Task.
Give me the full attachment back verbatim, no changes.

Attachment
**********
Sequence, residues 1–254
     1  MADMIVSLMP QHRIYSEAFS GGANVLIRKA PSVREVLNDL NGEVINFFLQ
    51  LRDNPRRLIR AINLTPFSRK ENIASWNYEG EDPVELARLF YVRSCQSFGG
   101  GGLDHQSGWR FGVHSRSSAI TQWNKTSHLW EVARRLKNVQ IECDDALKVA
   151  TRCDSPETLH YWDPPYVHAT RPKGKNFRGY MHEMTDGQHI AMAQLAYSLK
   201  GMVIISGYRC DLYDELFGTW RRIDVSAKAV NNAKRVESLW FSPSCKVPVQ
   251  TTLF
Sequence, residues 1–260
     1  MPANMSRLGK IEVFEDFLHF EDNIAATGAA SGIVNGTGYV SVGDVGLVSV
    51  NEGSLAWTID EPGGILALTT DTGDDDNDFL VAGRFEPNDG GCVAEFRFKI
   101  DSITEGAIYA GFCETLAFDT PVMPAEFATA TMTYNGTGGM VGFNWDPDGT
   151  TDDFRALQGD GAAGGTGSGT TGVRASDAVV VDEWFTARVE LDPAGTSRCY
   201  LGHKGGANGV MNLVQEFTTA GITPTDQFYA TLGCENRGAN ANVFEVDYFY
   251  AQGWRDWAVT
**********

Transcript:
Sequence, residues 1–254
     1  MADMIVSLMP QHRIYSEAFS GGANVLIRKA PSVREVLNDL NGEVINFFLQ
    51  LRDNPRRLIR AINLTPFSRK ENIASWNYEG EDPVELARLF YVRSCQSFGG
   101  GGLDHQSGWR FGVHSRSSAI TQWNKTSHLW EVARRLKNVQ IECDDALKVA
   151  TRCDSPETLH YWDPPYVHAT RPKGKNFRGY MHEMTDGQHI AMAQLAYSLK
   201  GMVIISGYRC DLYDELFGTW RRIDVSAKAV NNAKRVESLW FSPSCKVPVQ
   251  TTLF
Sequence, residues 1–260
     1  MPANMSRLGK IEVFEDFLHF EDNIAATGAA SGIVNGTGYV SVGDVGLVSV
    51  NEGSLAWTID EPGGILALTT DTGDDDNDFL VAGRFEPNDG GCVAEFRFKI
   101  DSITEGAIYA GFCETLAFDT PVMPAEFATA TMTYNGTGGM VGFNWDPDGT
   151  TDDFRALQGD GAAGGTGSGT TGVRASDAVV VDEWFTARVE LDPAGTSRCY
   201  LGHKGGANGV MNLVQEFTTA GITPTDQFYA TLGCENRGAN ANVFEVDYFY
   251  AQGWRDWAVT